Policy uncertainty, resource nationalism and environmental protection key themes for Asia mining

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The Asian mining landscape will continue to benefit from the availability of high-grade resources and low labour costs, but key countries with grapple with Policy uncertainty, resource nationalism and environmental protection, Fitch Solutions analysts warn.  

In a recent overview of key mining themes in Asia, Fitch predicts rising geopolitical tensions and pressures to the global economy will continue to evoke volatility in commodity markets, heightening risks to metal demand and prices.  

In 2020, Fitch expects risks to the Chinese economy will continue to rise, with no easy resolution to the trade dispute with the US on the horizon, which will prompt further monetary and fiscal stimulus from the government to cushion the downside pressure on growth. 

Analysts say this will buoy domestic metals demand and prevent any metal price collapse, which will in turn support mining sectors in the region. But Fitch notes that a slowdown in the automotive industry in China, poor relations with the US, and environmental regulations continue to pose risks.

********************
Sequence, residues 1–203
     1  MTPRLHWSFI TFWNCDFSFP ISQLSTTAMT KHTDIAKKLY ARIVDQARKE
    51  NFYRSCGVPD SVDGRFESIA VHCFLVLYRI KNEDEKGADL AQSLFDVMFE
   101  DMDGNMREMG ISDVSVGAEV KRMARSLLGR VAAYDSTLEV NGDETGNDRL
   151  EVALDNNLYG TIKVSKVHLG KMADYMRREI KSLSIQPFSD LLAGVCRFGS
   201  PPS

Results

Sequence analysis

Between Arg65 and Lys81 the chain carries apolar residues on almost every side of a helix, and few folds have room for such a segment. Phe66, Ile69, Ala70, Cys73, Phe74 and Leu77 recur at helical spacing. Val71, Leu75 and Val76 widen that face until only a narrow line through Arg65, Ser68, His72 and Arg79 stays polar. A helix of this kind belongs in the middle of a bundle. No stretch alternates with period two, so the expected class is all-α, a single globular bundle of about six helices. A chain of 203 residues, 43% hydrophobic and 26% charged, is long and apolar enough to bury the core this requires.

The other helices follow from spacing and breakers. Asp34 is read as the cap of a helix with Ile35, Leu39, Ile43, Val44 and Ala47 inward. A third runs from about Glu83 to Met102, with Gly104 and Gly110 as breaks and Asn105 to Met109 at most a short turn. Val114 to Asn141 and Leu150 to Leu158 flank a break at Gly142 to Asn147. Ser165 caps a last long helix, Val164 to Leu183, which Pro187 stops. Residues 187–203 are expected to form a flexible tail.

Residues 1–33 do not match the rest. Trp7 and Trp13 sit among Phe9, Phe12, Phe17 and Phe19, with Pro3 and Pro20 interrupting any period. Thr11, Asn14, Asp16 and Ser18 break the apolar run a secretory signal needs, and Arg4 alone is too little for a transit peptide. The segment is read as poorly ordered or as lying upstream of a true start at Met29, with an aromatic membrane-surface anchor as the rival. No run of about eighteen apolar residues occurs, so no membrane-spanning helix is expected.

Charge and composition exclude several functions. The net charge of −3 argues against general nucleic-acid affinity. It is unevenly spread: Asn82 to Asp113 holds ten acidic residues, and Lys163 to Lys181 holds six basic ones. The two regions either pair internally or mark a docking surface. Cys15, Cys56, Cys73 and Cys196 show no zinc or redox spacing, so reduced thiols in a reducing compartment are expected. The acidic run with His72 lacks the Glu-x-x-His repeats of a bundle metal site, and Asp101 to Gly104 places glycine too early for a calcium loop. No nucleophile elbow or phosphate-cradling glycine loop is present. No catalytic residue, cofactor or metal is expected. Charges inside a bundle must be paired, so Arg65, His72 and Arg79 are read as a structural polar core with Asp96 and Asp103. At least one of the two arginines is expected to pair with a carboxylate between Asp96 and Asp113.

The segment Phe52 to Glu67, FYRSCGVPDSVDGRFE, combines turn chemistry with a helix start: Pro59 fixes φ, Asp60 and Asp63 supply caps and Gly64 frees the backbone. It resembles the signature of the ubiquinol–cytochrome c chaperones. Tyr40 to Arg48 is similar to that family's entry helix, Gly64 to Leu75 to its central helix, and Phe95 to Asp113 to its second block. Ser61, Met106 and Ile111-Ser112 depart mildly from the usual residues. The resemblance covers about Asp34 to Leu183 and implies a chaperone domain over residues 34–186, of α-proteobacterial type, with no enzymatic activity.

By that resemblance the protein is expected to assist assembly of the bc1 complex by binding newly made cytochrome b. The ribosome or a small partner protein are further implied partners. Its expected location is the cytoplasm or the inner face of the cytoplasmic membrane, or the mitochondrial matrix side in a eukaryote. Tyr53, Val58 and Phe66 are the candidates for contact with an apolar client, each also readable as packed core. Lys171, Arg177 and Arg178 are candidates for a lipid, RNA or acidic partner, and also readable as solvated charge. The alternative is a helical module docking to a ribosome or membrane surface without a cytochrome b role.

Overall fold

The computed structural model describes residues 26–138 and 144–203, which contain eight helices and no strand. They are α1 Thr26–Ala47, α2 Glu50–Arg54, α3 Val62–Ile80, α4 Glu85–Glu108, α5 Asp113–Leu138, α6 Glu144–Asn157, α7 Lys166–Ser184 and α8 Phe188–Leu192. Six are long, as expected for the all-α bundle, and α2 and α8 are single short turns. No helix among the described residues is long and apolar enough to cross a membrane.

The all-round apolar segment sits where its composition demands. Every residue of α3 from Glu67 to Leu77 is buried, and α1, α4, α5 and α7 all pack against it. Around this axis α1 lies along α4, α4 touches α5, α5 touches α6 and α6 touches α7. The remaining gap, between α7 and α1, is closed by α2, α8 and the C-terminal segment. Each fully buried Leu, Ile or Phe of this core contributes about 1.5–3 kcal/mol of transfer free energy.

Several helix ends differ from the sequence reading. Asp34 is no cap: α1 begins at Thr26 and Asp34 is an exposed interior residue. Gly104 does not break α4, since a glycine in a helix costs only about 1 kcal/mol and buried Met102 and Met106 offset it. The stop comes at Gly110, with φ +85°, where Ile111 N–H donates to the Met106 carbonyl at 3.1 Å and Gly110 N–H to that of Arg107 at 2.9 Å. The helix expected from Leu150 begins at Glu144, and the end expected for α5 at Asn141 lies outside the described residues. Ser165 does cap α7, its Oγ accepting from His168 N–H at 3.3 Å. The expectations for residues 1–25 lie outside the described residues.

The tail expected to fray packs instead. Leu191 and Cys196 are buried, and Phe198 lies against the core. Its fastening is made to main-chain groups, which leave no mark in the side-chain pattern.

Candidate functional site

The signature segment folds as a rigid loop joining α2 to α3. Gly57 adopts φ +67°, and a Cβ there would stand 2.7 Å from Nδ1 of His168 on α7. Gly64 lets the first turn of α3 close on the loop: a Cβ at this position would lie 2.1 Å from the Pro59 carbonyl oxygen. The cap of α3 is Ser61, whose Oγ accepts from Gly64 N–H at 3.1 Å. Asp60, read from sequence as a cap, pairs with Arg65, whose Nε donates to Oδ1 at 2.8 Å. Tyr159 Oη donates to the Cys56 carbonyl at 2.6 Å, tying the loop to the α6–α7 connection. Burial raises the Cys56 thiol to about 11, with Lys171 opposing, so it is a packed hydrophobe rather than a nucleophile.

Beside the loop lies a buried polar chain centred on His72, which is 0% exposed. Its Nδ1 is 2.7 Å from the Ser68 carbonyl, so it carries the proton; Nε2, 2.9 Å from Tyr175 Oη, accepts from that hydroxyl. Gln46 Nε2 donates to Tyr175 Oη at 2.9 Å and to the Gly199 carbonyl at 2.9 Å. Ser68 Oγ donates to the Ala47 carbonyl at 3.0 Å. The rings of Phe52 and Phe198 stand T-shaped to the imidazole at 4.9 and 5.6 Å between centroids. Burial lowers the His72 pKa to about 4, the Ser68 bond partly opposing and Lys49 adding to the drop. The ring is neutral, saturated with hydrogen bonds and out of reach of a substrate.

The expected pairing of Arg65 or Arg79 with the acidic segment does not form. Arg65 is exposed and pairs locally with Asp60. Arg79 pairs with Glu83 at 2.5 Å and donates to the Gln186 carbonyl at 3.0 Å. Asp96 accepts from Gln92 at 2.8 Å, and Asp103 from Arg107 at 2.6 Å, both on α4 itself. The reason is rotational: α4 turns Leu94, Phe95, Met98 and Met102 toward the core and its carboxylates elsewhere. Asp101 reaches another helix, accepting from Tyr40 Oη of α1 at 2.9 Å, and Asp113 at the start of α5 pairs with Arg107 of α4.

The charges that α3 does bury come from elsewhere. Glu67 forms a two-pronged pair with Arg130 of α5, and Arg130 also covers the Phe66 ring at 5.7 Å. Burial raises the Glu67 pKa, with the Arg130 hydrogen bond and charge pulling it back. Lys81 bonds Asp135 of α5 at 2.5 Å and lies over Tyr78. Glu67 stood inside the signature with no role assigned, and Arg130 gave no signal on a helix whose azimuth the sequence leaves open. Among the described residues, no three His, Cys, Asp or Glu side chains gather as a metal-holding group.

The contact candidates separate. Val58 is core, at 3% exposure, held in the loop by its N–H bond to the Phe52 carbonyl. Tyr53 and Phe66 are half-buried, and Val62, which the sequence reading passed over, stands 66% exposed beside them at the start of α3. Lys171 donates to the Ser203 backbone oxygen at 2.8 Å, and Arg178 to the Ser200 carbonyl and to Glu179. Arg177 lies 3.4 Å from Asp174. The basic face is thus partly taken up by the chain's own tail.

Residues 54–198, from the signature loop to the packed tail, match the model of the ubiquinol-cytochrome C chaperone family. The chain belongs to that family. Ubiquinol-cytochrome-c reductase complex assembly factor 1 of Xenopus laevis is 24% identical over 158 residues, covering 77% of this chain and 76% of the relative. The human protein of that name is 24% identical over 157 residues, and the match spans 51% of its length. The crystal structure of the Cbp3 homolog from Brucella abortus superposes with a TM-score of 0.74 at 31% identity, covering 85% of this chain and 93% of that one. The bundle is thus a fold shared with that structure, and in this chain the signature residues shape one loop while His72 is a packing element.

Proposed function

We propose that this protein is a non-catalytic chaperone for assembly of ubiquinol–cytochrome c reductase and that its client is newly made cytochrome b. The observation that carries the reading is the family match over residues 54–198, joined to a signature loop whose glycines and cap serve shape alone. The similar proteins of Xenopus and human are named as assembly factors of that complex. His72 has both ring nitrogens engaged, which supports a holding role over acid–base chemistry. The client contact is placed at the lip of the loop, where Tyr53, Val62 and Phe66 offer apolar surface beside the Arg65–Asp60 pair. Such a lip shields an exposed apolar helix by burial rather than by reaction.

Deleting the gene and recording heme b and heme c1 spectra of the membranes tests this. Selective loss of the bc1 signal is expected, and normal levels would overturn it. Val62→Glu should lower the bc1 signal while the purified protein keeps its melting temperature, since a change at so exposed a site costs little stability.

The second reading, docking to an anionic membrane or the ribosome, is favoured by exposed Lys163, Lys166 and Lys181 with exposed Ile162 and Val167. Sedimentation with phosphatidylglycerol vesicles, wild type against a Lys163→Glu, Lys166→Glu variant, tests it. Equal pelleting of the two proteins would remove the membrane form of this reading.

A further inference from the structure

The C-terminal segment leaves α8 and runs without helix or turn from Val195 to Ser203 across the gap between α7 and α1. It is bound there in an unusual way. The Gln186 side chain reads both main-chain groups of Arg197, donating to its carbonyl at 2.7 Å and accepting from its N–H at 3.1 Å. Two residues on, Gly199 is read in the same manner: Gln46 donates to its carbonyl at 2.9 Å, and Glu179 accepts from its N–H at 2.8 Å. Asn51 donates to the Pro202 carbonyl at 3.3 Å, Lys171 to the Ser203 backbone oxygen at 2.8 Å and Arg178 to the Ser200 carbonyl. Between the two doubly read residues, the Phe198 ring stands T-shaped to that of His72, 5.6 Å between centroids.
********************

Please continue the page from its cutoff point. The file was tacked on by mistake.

Mongolia will continue to register the fastest mining industry value growth in Asia with high-grade reserves of gold, copper and coal, and a strong pipeline of large projects

In Asia as well as globally, Australian miners who benefit from supportive government regulations and advanced infrastructure will spearhead the disruptive technology movement in mining. Indonesia’s policy uncertainty and resource nationalism will rumble on, Fitch says, with the new nickel ore export ban taking effect from January 2020, resulting in more foreign miners selling their operations to local stakeholders while new foreign investment is deterred.  

Mongolia will continue to register the fastest mining industry value growth in Asia with high-grade reserves of gold, copper and coal, and a strong pipeline of large projects.  

Analysts say China will remain the overarching risk generator in metals markets over the coming quarters, as Chinese macroeconomic policy will continue to attempt to cushion domestic industries from the effects of a serious trade conflict with the US and a general slowing of the economy.  

Fitch believes the increased government support to domestic industries since H218, that will likely only intensify as macroeconomic headwinds build, will support demand for base metals in China. The measures aimed at boosting infrastructure are already feeding through with the start of construction works for a number of projects in recent months.  

Read the full report here.  

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